Flip the dough over and use both hands to cup and shape the dough, turning it as you do so. Resulting in a round cob shaped loaf.
Place the shaped dough on to a lightly oiled baking sheet. Cover with a clean tea towel and leave to double in size in a draught free place.
Preheat the oven to 220C/200C fan, 425F, gas mark 7.
While the dough is undergoing it’s second prove make a heart stencil.
Fold a piece of A4 paper in half. Using scissors cut out half of a heart.
As soon as the dough has doubled in size brush the entire loaf with warm water.
Place the heart stencil over the dough.
Sprinkle sunflower seeds inside of the stencil and then lightly dab them with water using a pastry brush.
Remove the stencil.
Place the baking sheet into the centre of a preheated oven and bake for 40-50 minutes.
The bread is baked when it has a deep, golden crust and sounds hollow when tapped.
As soon as the bread is baked remove from the oven and carefully (it will be very hot) place the cob loaf on to a cooling rack.
Delicious, crusty, nutty flavoured bread.
Allow the bread to cool prior to slicing and serving.
Ideally store the cooled bread in a bread bin. Plastic wrap or cling film may cause the bread to sweat and it will lose it’s crunchy crust and become soft.
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Bread baking is a passion that I have. Creating a tasty loaf that has flavour in it’s own right and is not simply a carrier of flavours makes the little effort it takes worthwhile. Our home is filled with the smell of freshly baked bread on an almost daily basis. If I could only bake one thing it would be bread. Wholesome, hearty, crusty and nutty this loaf ticked every single box. Bread truly is at the heart of any feast.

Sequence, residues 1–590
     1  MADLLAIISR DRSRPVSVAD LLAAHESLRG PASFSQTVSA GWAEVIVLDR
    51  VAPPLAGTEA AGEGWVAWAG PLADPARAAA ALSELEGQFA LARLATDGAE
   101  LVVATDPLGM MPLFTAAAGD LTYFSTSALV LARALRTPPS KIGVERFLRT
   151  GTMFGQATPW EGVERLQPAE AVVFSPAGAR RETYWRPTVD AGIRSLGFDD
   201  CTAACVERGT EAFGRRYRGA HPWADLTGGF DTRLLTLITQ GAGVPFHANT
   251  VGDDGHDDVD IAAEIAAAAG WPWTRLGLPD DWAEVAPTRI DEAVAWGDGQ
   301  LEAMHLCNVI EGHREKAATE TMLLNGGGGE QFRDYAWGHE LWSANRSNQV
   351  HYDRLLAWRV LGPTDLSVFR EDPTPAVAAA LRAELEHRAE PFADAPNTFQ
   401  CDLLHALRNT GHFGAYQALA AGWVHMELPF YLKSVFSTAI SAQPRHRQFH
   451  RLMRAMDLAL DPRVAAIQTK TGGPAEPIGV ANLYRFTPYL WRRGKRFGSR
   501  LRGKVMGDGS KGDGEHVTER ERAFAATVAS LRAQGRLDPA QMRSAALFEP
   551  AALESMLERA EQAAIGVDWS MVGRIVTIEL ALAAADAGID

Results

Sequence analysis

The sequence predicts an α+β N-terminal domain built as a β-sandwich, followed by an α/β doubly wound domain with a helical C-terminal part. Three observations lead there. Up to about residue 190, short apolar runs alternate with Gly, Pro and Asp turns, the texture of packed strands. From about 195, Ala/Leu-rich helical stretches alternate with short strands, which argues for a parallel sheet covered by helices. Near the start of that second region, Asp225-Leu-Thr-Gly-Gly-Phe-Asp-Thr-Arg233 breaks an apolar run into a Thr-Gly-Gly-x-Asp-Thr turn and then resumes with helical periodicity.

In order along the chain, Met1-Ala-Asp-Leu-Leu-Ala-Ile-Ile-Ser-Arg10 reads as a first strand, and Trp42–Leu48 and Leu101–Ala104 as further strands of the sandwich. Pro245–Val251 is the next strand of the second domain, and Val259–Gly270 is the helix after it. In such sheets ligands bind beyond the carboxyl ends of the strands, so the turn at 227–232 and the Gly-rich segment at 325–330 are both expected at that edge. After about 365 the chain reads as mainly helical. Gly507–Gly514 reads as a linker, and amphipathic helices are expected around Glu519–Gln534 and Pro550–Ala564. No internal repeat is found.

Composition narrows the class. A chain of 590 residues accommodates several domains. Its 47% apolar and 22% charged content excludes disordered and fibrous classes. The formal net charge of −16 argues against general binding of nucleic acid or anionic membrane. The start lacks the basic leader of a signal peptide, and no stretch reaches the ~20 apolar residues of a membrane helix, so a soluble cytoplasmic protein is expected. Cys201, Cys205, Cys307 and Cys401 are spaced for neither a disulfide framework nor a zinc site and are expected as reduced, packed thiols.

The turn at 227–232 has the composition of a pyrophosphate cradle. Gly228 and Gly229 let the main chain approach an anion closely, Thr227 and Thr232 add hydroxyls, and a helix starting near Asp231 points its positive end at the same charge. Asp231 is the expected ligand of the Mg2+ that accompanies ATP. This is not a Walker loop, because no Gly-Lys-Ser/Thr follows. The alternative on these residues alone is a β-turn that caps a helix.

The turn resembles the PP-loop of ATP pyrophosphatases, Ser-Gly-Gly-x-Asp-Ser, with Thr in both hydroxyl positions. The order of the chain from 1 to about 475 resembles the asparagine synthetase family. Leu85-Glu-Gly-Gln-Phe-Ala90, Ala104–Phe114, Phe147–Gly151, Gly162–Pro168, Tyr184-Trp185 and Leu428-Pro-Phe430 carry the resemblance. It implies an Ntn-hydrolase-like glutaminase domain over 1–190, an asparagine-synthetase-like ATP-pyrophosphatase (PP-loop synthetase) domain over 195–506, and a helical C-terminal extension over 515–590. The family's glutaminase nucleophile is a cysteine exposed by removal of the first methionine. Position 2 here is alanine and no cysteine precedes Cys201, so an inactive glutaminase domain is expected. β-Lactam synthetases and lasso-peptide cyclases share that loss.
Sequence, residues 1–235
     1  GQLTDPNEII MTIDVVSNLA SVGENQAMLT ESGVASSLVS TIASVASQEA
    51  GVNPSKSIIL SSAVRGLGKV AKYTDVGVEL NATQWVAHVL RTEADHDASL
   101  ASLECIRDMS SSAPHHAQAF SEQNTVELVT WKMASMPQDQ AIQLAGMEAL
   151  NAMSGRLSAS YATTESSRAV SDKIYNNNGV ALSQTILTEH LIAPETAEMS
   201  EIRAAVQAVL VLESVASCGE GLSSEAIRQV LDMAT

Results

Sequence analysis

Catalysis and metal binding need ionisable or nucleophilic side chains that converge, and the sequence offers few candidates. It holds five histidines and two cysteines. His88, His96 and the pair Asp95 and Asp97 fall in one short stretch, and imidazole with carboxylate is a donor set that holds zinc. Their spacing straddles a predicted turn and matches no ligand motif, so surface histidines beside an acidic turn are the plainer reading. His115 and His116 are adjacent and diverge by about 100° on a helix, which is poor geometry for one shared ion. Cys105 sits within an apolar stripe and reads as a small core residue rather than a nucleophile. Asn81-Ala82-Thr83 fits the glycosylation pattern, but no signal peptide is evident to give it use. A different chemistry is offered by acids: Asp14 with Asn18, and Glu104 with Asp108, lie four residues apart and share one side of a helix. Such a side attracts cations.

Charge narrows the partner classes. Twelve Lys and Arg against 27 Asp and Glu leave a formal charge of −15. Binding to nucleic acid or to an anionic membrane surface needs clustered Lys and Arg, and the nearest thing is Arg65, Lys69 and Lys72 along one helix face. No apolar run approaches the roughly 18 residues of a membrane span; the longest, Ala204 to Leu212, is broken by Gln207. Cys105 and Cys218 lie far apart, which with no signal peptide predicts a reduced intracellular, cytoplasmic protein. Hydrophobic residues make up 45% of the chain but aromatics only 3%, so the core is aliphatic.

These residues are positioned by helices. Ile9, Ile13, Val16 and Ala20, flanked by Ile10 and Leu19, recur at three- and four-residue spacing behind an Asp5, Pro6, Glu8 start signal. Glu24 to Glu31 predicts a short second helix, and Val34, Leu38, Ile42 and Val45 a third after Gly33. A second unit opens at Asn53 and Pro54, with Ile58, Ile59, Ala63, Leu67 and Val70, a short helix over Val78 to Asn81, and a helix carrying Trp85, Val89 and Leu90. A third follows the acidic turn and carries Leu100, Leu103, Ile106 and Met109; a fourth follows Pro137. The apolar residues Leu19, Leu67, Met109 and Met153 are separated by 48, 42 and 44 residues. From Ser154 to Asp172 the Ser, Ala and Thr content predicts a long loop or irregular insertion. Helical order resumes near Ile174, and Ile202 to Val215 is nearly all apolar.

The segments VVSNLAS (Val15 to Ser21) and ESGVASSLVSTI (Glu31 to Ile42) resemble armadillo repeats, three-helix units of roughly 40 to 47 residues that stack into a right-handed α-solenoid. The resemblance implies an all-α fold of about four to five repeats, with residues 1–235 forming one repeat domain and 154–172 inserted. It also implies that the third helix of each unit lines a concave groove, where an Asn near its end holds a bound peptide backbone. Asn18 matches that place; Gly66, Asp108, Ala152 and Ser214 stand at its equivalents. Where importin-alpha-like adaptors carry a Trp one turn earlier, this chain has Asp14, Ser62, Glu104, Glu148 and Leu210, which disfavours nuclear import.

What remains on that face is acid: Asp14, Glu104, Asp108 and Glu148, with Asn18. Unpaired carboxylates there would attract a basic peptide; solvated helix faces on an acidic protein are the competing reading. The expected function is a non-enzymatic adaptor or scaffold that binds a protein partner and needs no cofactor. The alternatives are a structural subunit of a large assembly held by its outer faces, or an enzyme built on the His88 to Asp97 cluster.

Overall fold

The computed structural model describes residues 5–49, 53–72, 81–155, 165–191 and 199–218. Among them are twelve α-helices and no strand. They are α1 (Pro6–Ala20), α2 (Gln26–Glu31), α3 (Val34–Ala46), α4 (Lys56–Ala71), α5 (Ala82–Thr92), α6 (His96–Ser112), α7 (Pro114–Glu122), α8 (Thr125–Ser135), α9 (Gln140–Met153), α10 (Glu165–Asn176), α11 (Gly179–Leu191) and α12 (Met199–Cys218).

Whatever you are making, baking and creating in your kitchens, have fun preparing and sharing your feast.
No part of this post may be reproduced or duplicated without the written permission of the owner. Please see my Disclosure Policy.
Cupcakes in themselves are moments of happiness. It must be impossible to be angry whilst eating a cupcake? An entire, miniature cake all to ourselves. Cute and delicious let me share with you these Pink Heart Topped White Chocolate Cupcakes.
Since Valentines Day is only a few days away, creating a beautiful and tasty cupcake seemed a good idea. While I have mentioned in previous posts such as Chocolate Dipped Shortbread Heart Cookies, that every day should be an opportunity to show those we love and appreciate them, February 14th is the day of love. So to celebrate, these white chocolate chip cupcakes frosted with a velvet white chocolate buttercream, finished with a pink chocolate heart, fit the bill perfectly.